When a party’s mental or physical condition is in controversy in a lawsuit, the Court may order the party to undergo a mental or physical examination by a professional. This discovery device is only used when a party’s mental or physical condition is at issue and must not be used to harass or embarrass the opposing party. For example, if a plaintiff claims to have suffered permanent physical injuries following a motor vehicle accident, the defendant may seek to have an independent physician to conduct a physical examination of the plaintiff.
As this discovery device is not used as commonly as others, so review Maryland Rule 2-423 carefully before making this request.
To request a mental or physical examination, you must ask the Court (i.e., make a motion to the Court) and demonstrate good cause for your request. Proper notice must be provided to the person to be examined as well as the parties to the case. If the Court agrees that an examination is appropriate, the Court will enter an order permitting the examination.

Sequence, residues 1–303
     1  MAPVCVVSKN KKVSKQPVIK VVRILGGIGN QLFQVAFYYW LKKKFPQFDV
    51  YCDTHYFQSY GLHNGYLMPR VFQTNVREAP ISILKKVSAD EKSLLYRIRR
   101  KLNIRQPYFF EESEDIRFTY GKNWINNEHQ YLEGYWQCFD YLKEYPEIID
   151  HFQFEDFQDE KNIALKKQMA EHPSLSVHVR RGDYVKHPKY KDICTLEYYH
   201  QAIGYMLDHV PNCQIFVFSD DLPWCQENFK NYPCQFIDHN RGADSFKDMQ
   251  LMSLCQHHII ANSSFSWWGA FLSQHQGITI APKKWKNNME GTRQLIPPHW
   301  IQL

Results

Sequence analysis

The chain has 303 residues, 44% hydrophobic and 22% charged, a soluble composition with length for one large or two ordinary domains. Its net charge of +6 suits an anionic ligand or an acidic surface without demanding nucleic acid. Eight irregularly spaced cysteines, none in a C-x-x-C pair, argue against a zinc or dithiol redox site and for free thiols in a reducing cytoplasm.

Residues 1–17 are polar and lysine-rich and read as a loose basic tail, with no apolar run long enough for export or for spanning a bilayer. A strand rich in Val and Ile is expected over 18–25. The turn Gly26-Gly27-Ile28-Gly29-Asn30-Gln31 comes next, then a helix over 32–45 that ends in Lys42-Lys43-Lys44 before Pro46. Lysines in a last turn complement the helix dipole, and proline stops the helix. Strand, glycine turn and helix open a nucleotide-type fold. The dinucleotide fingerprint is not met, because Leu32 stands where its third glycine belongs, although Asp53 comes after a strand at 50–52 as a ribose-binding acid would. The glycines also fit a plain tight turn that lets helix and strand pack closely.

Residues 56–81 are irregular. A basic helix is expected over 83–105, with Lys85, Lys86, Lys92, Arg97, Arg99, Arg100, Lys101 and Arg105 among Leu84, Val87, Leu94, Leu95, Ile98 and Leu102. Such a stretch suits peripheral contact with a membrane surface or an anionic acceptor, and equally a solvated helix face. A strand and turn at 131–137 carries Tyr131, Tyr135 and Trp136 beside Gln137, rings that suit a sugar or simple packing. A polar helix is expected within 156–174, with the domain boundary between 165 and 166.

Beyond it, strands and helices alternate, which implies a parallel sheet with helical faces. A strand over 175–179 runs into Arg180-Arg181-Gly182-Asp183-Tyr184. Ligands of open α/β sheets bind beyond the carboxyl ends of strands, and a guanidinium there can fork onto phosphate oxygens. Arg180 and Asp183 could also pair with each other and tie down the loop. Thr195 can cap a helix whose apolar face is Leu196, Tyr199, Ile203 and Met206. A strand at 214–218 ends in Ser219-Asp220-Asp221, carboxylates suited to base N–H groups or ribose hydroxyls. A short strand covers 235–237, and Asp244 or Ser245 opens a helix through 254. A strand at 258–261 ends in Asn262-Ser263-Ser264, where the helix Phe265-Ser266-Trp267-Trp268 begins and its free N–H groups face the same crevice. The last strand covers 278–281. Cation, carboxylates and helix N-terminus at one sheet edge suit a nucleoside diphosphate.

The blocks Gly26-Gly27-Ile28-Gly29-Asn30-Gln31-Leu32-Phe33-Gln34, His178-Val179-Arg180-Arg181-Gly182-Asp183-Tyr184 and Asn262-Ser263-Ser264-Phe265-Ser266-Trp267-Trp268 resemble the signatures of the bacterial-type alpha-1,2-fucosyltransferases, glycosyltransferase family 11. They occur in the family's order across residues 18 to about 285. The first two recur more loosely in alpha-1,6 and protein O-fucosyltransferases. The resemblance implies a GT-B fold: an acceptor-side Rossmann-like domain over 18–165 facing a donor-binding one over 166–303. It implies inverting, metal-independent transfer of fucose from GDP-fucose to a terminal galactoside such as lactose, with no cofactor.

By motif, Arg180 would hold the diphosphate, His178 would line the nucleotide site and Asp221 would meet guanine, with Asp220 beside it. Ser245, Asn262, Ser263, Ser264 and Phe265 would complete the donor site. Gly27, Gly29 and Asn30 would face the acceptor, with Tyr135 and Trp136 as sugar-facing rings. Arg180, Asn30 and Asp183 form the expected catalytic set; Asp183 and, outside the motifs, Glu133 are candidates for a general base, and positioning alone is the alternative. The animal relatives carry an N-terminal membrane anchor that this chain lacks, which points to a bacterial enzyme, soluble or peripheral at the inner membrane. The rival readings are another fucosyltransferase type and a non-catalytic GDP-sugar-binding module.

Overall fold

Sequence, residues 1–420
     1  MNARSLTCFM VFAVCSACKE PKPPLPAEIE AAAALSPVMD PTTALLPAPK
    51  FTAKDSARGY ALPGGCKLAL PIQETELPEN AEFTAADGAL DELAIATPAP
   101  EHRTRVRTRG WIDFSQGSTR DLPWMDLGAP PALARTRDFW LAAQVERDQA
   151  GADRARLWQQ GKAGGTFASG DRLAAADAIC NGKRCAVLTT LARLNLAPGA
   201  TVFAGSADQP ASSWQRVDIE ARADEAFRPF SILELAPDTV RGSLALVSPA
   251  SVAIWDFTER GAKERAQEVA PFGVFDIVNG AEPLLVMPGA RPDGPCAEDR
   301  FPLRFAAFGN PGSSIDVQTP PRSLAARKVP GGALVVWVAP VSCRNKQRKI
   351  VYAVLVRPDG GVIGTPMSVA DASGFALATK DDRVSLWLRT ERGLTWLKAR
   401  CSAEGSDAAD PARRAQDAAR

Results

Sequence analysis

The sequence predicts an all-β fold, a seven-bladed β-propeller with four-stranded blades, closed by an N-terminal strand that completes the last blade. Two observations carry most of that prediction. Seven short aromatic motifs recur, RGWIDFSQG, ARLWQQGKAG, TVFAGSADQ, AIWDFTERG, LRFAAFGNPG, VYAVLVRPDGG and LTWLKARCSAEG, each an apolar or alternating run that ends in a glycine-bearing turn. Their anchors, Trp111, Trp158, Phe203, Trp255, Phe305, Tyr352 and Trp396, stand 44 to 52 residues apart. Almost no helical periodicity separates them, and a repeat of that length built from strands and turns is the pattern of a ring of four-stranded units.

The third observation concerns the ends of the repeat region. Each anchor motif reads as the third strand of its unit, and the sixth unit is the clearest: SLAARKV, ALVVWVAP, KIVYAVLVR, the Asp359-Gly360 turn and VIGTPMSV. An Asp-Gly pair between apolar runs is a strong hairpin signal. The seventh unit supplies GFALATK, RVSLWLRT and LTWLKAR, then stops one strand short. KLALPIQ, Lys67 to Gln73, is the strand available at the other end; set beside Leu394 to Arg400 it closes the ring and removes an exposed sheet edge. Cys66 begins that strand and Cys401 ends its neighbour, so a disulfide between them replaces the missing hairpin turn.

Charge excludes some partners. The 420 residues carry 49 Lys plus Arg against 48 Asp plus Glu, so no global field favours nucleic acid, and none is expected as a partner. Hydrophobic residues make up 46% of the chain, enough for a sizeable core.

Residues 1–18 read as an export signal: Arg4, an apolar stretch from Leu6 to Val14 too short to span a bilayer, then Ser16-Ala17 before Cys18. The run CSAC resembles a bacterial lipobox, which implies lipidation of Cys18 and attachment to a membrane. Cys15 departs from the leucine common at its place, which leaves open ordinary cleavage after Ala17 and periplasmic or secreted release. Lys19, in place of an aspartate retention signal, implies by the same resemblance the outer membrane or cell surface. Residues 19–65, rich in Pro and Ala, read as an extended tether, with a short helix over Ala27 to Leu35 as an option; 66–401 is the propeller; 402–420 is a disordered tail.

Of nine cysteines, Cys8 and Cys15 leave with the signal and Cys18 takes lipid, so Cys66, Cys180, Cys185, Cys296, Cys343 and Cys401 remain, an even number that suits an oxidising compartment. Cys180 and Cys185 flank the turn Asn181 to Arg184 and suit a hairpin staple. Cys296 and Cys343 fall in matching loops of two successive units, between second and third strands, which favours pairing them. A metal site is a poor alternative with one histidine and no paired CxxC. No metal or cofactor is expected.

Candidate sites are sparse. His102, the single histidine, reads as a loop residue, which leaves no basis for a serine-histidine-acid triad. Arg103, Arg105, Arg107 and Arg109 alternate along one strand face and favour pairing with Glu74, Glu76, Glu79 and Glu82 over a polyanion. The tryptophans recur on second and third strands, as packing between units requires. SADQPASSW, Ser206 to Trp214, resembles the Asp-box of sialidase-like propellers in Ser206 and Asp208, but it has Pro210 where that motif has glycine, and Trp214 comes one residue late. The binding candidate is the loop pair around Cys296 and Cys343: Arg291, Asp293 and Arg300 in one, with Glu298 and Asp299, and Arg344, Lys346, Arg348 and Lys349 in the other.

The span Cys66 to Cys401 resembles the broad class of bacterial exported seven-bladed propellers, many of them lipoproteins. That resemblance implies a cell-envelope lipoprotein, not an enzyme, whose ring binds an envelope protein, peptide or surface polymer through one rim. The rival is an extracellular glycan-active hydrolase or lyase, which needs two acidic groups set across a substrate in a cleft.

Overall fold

The Court order will include:
- a suitable time and place for conducting the examination;
- the scope of the examinations; and
- the person(s) who will conduct the examination.
The Court order may also:
- regulate the filing and distribution of a report of findings and conclusions and the testimony at trial by the examiner;
- address the payment of expenses; and
- address any other relevant matters.
Read the Rule: Md. Rule 2-423